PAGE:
2. Loprinzi PD, Day S, Hendry R, Hoffman S, Love A, Marable S, McKee E, Stec S, Watson H, Gilliland B. The Effects of Acute Exercise on Short- and Long-Term Memory: Considerations for the Timing of Exercise and Phases of Memory. Eur J Psychol. 2021 Feb 26;17(1):85-103. doi: 10.5964/ejop.2955. PMID: 33737976; PMCID: PMC7957845. Accessed Oct 25/22:

  3. Labban JD, Etnier JL. The Effect of Acute Exercise on Encoding and Consolidation of Long-Term Memory. J Sport Exerc Psychol. 2018 Dec 1;40(6):336-342. doi: 10.1123/jsep.2018-0072. Epub 2018 Dec 12. PMID: 30541411. Accessed Oct 25/22:

  4. Boraxbekk CJ, Salami A, Wåhlin A, Nyberg L. Physical activity over a decade modifies age-related decline in perfusion, gray matter volume, and functional connectivity of the posterior default-mode network-A multimodal approach. Neuroimage. 2016 May 1;131:133-41. doi: 10.1016/j.neuroimage.2015.12.010. Epub 2015 Dec 15. PMID: 26702778. Accessed Oct 25/22:

  5. Alzheimer Society of Canada (2022). About Dementia / What is dementia? Accessed Oct 25/22:

  6. Fried L & Columbia Mailman School of Public Health (Jun 10, 2021). Aging / Changes that occur to the aging brain: What happens when we get older. Accessed Oct 25/22:

  7. Alzheimer Society of Canada (2021 March). What is dementia (pdf handout). Accessed Oct 25/22:

  8. Alzheimer Society of Canada (2022). About dementia / Do I have dementia? / The differences between normal aging and dementia. Accessed Oct 25/22:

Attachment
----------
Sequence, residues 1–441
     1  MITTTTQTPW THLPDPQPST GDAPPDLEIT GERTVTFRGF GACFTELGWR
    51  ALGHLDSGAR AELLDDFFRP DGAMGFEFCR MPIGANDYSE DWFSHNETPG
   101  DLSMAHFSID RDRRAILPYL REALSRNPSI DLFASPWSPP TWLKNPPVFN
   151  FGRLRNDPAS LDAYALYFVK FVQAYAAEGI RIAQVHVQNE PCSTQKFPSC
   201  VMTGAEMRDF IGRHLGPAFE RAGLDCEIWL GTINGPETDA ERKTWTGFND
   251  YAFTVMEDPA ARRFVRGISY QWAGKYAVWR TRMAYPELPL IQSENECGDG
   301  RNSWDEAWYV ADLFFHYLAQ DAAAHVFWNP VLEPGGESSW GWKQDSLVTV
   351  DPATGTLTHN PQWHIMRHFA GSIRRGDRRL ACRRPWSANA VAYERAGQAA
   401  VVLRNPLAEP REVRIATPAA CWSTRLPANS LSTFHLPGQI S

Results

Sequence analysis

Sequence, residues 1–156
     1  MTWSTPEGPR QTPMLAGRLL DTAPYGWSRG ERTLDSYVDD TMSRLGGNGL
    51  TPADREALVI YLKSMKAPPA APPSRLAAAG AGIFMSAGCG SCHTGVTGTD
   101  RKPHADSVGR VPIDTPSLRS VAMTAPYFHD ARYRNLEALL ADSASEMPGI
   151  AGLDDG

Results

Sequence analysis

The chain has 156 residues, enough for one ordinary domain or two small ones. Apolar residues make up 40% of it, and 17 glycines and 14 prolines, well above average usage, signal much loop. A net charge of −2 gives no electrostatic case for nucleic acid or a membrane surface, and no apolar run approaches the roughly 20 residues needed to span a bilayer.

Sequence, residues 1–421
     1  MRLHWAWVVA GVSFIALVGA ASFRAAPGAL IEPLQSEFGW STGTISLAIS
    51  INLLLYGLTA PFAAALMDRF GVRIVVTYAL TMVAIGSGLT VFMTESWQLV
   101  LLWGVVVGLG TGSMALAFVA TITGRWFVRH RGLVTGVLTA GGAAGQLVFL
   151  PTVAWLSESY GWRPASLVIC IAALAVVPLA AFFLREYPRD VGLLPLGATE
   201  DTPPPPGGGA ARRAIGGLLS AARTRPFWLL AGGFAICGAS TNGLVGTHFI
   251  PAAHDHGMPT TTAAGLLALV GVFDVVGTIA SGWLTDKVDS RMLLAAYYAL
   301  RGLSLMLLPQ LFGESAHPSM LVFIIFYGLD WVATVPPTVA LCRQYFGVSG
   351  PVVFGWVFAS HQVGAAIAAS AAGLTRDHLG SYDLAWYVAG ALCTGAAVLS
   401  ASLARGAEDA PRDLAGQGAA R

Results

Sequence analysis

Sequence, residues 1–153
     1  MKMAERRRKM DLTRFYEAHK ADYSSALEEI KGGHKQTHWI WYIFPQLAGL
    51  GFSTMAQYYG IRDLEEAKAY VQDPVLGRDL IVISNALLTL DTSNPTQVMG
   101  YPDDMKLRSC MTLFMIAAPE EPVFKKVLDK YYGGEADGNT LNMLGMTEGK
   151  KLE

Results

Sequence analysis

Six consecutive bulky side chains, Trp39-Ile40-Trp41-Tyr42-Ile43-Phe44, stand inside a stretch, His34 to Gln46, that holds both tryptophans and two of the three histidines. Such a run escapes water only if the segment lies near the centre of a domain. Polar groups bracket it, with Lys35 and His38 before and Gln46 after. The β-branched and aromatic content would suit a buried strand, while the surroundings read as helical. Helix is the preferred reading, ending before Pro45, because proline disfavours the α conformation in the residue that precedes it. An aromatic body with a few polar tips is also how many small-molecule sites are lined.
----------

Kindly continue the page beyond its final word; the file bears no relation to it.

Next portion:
9. Alzheimer Society of Canada (2022). About dementia / What is Alzheimer’s disease / How Alzheimer’s disease changes the brain. Accessed Oct 25/22:

  10. Domingos C, Pêgo JM, Santos NC. Effects of physical activity on brain function and structure in older adults: A systematic review. Behav Brain Res. 2021 Mar 26;402:113061. doi: 10.1016/j.bbr.2020.113061. Epub 2020 Dec 24. PMID: 33359570. Accessed Oct 25/22:

  11. Northern Brain Injury Association (2022). Brain structure and function: The Structure and Function of the Human Brain. Accessed Oct 25/22:

  12. Heart and Stroke Foundation of Canada (2022). Healthy Living / Stay Active / How much physical activity do you need? Accessed Oct 25/22:

  13. Public Health Agency of Canada. Physical Activity Tips for Adults (18-64 years): Tips to Get Active. Accessed Oct 25/22:

  14. Canadian Society of Exercise Physiology. The Canadian 24-Hour Movement Guidelines for Adults (18-64): Make your whole day matter. Accessed Oct 25/22:


Lost Key - illustrated by Susan Herdman, Oct 26/22.

Normal vs Alzheimer's Brain - Engedeal, K & University of Oslo. (Apr 7, 22). standard_compressed_Alzheimer pic. Accessed Oct 26/22:

28 views0 comments


bottom of page